LINCOLN — It was like two opposite universes Friday at the State Capitol when it came to the status of the state’s troubled prison system.
In the morning, prison security staff provided stern and tearful pleas that more must be done to enhance salaries to address high staff turnover, low morale and safety concerns for corrections staff.
“It’s going to take someone being killed before the public understands,” said Sgt. Brad Kreifels, who works at the State Penitentiary in Lincoln.
In the afternoon, Corrections Director Scott Frakes outlined several signs of progress in his agency, including expansion of rehabilitation programs, a new 100-bed prison dormitory and a new evaluation tool to guide inmates to needed programs.
“Despite some very serious events, we have been able to move forward,” Frakes said.
A state senator who chaired the two sessions said the truth is probably somewhere in between.
“Hopefully, we’ll turn the corner (at corrections) one of these days. It’s not happening as quickly as we’d hope,” said State Sen. Laura Ebke of Crete, who chairs the Legislature’s Judiciary Committee and a special legislative oversight committee on corrections.
Those two committees held public hearings Friday to look into personnel problems in state prisons, if enough work release programs are being offered, and to get an update about the state’s chronic prison overcrowding.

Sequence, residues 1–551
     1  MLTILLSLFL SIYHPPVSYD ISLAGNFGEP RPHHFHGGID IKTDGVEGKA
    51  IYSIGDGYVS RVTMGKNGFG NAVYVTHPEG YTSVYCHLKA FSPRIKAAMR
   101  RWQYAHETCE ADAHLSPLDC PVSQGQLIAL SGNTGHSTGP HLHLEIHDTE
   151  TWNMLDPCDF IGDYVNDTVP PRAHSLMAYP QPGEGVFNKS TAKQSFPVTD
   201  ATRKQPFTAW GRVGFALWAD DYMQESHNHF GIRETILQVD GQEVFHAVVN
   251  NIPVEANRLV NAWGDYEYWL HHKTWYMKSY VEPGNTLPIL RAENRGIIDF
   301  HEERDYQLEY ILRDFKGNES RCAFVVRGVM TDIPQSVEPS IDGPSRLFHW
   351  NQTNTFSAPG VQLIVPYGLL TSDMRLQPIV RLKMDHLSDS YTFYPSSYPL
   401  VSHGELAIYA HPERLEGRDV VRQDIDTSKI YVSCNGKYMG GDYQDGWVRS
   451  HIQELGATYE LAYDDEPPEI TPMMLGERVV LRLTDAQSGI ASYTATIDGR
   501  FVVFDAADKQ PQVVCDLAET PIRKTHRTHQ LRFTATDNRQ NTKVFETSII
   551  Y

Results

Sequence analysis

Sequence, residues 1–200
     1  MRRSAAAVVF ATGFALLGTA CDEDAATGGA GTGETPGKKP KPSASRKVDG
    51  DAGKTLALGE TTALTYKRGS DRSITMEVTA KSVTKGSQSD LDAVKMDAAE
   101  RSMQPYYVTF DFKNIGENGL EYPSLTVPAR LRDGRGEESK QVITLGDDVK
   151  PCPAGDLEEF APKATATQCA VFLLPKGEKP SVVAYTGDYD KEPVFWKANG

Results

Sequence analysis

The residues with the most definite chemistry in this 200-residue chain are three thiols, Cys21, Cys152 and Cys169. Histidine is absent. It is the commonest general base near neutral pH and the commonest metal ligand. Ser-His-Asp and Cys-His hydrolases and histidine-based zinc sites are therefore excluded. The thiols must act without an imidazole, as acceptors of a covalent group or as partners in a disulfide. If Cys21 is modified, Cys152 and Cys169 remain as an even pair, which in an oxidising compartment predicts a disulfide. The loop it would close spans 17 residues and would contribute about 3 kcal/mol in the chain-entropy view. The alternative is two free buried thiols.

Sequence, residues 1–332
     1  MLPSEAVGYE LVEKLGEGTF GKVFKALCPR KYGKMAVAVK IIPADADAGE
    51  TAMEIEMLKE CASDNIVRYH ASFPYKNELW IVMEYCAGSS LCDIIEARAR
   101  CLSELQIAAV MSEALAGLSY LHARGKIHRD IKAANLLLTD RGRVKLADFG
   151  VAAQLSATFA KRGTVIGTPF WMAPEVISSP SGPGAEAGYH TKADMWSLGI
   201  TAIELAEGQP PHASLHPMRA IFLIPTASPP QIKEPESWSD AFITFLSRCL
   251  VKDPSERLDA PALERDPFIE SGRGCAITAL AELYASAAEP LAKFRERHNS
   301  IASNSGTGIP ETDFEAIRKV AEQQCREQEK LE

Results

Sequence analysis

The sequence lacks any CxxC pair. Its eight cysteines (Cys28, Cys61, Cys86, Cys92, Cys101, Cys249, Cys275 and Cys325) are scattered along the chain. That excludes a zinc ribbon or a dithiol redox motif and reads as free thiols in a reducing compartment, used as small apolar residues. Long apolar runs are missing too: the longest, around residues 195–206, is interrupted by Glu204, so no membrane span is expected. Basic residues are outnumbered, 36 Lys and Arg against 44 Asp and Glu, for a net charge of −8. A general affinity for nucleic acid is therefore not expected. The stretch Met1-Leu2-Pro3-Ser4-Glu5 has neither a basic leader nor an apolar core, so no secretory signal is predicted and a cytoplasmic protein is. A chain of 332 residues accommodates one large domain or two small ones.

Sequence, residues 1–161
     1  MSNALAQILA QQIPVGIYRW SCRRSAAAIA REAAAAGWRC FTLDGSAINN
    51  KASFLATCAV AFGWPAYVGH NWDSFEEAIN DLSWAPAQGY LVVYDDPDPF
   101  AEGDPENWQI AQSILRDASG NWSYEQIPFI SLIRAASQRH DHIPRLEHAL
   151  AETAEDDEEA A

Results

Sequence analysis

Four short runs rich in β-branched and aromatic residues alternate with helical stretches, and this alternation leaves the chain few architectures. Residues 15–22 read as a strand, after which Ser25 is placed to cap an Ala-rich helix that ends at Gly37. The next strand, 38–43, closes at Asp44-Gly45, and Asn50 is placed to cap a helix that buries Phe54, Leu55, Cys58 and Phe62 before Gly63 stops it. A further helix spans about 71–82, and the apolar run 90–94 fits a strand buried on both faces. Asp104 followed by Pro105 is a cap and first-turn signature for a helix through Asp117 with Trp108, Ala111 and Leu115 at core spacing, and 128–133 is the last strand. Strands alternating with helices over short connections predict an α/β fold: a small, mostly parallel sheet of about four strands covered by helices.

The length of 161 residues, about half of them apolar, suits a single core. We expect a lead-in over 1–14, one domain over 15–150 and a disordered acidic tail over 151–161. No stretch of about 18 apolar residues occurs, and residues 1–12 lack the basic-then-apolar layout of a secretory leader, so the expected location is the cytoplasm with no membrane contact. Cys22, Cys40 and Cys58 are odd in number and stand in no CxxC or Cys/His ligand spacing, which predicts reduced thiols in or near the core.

Over the past 2 1/2 years, there have been two deadly uprisings at the Tecumseh State Prison (a total of five inmates were slain during that period), and the prison system has struggled with high staff turnover, increased use of mandatory overtime and an increase in assaults on prison staff.
This summer, the ACLU of Nebraska filed a federal lawsuit alleging that inmates are getting less than adequate health care in the nation’s second-most overcrowded prison system.
“Every day it gets worse,” said Carla Jorgens, a corporal at the State Penitentiary. “I’m tired of seeing fellow employees taken out of the institution on a gurney.”
As other corrections have done, she called for “step raises” for workers based on longevity to ward off an exodus of experienced staff to safer and better paying jobs. Currently, a corrections officer who has worked 10 years gets the same wage as someone who just started.
Frakes said he understands the concerns and is doing what he can.
Earlier this month, he and his boss, Gov. Pete Ricketts, announced a plan to provide step raises for longevity and merit pay to employees at the Tecumseh State Prison, a rural prison that has the most severe problems with recruiting and retaining staff.
On Friday, Frakes said the “bold and innovative” policy may be expanded to other prisons.
“I figured out how to pay for it (there),” he said, “and we’ll see what the results are.”
Frakes said that many prison security workers seem to forget that, coupled with a raise last year, there’s been a 7-percent wage hike for corrections officers. But, he added, the agency has 150 vacancies to fill in security staff, leaving a shortage of workers to fill posts when someone is sick or on vacation.
The special oversight committee is the third impaneled by the Legislature in recent years to probe problems at corrections, and the tone from senators on the latest panel was more positive.
Gordon Sen. Tom Brewer said that prison staff he has talked with say progress has been made, though there’s still work to do.
There was one clear sign of progress reported on Friday — 365 more low-level felons and 939 inmates on post-release supervision are under probation supervision now. Those were two reforms undertaken in recent years to reduce prison overcrowding and costs, by avoiding more expensive incarceration behind bars.